NEC EX341R Monitor Review

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OSD Setup & Calibration

NEC never makes a display without a large and comprehensive OSD, and EX341R is no exception. There are many options you won’t find from other brands. NEC makes it a snap to integrate any of its displays into multi-screen setups and large enterprise installations.

The Luminance menu includes the expected brightness and contrast controls along with a black level option that can be used to increase shadow detail visibility. There are also settings for the front-mounted sensor that knows when a user is present and can measure the ambient light level. These settings can be tied to brightness and/or switch the monitor off when you leave your desk. There are six picture modes (DV mode) that correspond to different tasks, all of which are adjustable. Standard works fine for anything one might wish to do with the EX341R.

The second sub-menu has image geometry and positioning controls with options for aspect ratio and overscan. At the bottom is a uniformity compensation toggle. The feature is simply on or off; it doesn’t have the multi-level setting of its PA-series counterparts. We’ll show you how it affects contrast and uniformity in the benchmark tests.

The Color menu contains nine color temp presets, one of which is a low-blue-light option. The final one, Programmable, is a memory slot for the SpectraView II software. Option 4 corresponds to sRGB, which is where we performed our tests and adjustments.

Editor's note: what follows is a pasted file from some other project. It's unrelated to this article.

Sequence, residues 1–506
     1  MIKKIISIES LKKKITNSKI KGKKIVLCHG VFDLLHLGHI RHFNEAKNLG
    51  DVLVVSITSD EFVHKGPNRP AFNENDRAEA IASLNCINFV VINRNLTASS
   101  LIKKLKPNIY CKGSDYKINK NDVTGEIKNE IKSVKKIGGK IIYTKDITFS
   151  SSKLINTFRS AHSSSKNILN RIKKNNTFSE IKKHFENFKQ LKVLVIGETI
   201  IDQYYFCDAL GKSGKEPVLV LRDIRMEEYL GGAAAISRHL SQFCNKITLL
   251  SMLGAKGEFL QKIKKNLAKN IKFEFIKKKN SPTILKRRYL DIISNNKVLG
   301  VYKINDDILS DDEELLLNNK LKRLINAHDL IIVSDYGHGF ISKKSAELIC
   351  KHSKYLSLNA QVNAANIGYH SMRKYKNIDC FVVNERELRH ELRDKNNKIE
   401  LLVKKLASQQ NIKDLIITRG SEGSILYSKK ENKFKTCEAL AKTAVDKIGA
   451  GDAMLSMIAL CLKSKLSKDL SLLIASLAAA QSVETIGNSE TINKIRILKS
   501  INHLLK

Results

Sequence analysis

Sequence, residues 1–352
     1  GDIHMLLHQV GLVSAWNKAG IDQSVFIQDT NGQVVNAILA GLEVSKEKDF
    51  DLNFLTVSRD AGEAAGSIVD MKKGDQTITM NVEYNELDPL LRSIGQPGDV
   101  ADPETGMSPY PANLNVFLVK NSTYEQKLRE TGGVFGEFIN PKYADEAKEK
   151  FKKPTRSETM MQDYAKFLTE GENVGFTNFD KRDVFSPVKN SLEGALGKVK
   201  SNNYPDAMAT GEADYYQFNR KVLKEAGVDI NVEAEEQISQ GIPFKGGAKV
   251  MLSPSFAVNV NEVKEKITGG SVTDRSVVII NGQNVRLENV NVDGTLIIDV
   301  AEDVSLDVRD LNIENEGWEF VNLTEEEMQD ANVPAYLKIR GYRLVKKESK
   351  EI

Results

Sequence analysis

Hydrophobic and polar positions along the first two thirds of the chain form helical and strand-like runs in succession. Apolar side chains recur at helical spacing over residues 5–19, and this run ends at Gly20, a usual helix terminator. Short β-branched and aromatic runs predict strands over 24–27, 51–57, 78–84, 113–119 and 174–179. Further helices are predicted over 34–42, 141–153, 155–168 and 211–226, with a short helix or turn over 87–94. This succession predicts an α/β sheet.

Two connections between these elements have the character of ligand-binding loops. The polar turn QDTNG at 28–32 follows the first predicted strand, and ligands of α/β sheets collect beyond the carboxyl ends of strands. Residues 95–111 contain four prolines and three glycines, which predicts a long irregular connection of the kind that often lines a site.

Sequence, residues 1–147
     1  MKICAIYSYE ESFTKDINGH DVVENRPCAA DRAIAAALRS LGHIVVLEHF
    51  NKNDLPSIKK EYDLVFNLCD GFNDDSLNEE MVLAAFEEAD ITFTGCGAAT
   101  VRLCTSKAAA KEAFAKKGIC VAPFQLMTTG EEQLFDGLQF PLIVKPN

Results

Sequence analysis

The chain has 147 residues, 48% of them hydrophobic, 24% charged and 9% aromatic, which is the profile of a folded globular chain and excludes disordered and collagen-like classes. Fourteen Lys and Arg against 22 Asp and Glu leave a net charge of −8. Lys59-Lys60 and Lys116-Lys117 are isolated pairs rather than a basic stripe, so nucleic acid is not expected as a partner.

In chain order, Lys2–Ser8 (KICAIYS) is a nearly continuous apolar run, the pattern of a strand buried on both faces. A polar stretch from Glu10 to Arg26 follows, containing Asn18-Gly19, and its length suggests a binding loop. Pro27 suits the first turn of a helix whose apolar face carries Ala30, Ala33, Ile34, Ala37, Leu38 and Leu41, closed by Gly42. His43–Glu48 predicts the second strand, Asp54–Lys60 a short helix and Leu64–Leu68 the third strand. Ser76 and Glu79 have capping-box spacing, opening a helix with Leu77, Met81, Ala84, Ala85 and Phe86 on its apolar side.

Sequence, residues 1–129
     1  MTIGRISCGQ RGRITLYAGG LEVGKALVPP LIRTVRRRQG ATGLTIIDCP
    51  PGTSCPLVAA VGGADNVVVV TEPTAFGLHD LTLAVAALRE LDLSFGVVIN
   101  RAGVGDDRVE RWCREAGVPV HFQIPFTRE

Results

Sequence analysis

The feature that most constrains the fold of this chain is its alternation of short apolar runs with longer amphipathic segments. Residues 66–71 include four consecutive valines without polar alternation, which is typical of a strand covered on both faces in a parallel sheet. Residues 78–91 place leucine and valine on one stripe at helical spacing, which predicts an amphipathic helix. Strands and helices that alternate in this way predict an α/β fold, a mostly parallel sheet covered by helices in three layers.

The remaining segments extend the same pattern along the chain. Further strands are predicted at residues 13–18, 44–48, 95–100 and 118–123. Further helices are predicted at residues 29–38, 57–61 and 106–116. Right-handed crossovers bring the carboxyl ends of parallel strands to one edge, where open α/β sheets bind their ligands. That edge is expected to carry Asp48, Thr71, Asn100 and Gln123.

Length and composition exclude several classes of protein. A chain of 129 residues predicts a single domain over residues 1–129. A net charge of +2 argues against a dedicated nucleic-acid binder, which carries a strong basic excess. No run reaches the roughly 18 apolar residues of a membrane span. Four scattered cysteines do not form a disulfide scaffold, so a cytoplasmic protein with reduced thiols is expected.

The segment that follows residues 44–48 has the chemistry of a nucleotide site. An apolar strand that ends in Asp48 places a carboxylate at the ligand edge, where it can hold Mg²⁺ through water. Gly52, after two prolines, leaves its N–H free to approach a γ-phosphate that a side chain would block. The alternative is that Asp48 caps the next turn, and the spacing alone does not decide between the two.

The next menu has PIP/PBP for up to two sources. You also get DisplayPort options for multi-stream operation. Also included are volume and mute controls, response improve (overdrive), off and power save timers, and options for power LED brightness and USB port control for the KVM feature. This lets you share a single EX341R between two computers.

Menu Tools has the familiar language, timeout, and lock controls. Hot Key lets you program the function of the control keys for brightness, volume, and USB selection. This saves you a trip to the OSD. If your particular EX341R is acting as a master in a ControlSync chain, Data Copy sends settings out to all the connected screens.

Multi Display adds functionality to the ControlSync feature by letting you assign numbers to each monitor in the chain and controlling all or just individual ones from the master panel. You can connect up to 24 screens this way and share settings from a single master display.

Finally, we have NEC’s Eco Information menu which lets you know the exact power draw and carbon footprint of your EX341R. You can track costs in dollars or euros if you wish. The last OSD screen has signal information with horizontal and vertical refresh rates plus the monitor’s serial number.


The EX341R comes set to its Dynamic DV mode and Native color temp preset. We changed to Standard DV and Color Temp 4 for our tests and adjustments. 4 corresponds to sRGB, but we still had to make a few changes. Gamma does not track entirely straight, and there are no controls to help fix that issue. Dialing in grayscale wasn’t too difficult and we achieved an acceptable result. We suspect the best performance will be found with a SpectraView II calibration, or you can use a third-party solution like CalMAN or Spyder. Please try our recommended settings if you don’t have the means to calibrate yourself.

Swipe to scroll horizontally
NEC EX341R Calibration Settings
DV ModeStandard
Brightness 200cd/m297
Brightness 120cd/m249